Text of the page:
KUCHING: With the general election approaching, the old question of whether Barisan Nasional-friendly parties can contest under the BN banner is again back on the table.
Sarawak United Peoples’ Party (SUPP) in its attempt to preempt United People’s Party’s (UPP) candidates from being fielded in the coming general election struck first through its youth chief Tan Kai.
Tan Kai had claimed Tuesday that in the last state election, the condition set for direct BN candidates from a non-BN component party set by late Chief Minister Pehin Sri Adenan Satem was that these candidates must resign from their respective parties and later join a BN component party after the election.
Tan Kai who is a political secretary to the Chief Minister said that UPP candidates who won during the election did not fulfil their promise to join ‘any of the BN component parties.’
“Therefore, UPP is abusing the trust given by Pehin Sri Adenan Satem and BN,” Tan was quoted as saying.
UPP secretary-general George Lo however, saw things differently and issued a statement on yesterday claiming that Tan Kai was ignorant.
“I refer to the press statement by Tan Kai alleging that UPP betrayed the late CM’s trust. Tan obviously doesn’t know what he’s talking about and never bothered to check the facts.
“At the press conference on April 13, 2016 in the CM’s office when Adenan announced the UPP direct BN candidates, the press asked Adenan this exact question whether BN direct candidates must join a BN component party after the election.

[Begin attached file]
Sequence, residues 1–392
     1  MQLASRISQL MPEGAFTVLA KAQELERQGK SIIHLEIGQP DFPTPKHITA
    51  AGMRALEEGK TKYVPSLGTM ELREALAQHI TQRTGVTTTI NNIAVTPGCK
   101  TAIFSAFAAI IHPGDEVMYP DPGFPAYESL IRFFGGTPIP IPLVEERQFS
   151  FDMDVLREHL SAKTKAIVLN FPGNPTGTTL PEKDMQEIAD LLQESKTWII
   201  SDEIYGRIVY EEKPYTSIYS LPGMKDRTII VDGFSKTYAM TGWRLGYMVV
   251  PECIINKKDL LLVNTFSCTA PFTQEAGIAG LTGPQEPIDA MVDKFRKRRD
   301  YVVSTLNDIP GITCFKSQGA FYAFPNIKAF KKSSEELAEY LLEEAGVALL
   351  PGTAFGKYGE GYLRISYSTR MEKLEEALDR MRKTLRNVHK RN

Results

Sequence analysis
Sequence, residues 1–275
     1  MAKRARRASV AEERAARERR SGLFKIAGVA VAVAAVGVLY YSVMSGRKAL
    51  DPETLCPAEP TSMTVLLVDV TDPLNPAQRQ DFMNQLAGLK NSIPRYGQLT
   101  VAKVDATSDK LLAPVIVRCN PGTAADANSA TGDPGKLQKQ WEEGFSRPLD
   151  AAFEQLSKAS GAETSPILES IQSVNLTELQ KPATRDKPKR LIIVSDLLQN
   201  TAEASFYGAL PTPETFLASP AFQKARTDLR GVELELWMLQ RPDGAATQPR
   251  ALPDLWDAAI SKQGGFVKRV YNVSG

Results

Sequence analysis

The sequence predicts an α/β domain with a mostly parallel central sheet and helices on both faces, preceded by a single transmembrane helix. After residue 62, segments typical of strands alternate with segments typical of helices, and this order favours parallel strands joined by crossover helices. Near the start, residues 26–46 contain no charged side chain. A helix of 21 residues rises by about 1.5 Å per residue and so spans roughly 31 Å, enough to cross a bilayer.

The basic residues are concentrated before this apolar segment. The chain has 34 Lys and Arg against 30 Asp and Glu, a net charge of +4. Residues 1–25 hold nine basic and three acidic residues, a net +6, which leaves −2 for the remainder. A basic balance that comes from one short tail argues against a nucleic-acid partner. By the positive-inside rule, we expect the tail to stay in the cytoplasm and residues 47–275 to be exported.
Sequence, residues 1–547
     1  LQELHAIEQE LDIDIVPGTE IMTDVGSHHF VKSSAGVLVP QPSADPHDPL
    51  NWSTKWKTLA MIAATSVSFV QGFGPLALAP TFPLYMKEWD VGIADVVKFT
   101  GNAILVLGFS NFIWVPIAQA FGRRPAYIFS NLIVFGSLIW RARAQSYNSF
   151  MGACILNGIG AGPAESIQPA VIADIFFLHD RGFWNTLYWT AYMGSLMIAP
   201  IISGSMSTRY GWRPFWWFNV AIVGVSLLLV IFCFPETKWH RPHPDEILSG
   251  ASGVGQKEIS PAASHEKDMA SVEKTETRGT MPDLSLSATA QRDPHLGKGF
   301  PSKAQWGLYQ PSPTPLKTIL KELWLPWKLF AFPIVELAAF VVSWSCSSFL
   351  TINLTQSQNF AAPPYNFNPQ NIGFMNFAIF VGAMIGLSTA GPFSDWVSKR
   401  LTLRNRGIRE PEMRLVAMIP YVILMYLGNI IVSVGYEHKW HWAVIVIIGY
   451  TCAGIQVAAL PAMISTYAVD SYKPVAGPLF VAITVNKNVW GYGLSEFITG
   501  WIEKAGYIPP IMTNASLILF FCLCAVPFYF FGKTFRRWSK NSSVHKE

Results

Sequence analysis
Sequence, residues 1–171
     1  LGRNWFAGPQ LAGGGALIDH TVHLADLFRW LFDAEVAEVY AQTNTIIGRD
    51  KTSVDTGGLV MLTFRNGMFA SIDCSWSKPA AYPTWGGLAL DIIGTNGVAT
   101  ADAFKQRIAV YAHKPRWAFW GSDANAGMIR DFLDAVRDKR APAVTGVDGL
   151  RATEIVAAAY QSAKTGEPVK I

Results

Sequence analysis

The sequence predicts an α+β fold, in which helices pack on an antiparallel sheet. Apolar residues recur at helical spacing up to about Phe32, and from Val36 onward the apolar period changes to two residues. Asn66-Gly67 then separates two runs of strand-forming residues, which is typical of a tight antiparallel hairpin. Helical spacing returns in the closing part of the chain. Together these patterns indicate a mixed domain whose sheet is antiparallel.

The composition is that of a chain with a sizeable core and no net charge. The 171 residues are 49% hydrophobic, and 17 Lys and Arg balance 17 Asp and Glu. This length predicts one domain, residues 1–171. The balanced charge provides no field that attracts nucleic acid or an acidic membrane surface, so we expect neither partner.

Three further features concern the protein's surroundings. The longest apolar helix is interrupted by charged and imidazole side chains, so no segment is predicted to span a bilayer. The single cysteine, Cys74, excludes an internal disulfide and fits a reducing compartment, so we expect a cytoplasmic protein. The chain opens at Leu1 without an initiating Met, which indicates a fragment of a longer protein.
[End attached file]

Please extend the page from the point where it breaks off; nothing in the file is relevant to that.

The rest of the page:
“Adenan said they can join any party loyal to BN. I was present at the press conference. Tan was not. I speak from personal knowledge. Tan doesn’t. Tan should refer to the news reports at that time.
“The report makes it clear that Adenan never said the direct candidates had to join a component party. That is why Adenan had no objection when the elected representatives joined UPP,” said Lo in the statement.
Tan’s intention in making his earlier statement is obvious, and that is to point out that UPP is not a BN component party and thus has no legitimate claim on any seats. He has also denied that the BN coalition’s success in the last state election was due to UPP’s winnable candidates, which Lo had claimed.
From the exchange between the two, it is not difficult to deduce that this quarrel is not about the past but the immediate future.
However, based on the arguments being put forward, the main contention now is SUPP wants all its traditional seats back while UPP is fighting for as many seats as it can, from those traditionally allocated to SUPP.
The fundamental question now is, will the BN-friendly party be allowed to stand under the BN banner in the pending general election?
No one knows the answer. The only one who can answer the question is state BN chairman Datuk Patinggi Abang Johari Tun Openg who is the chief minister.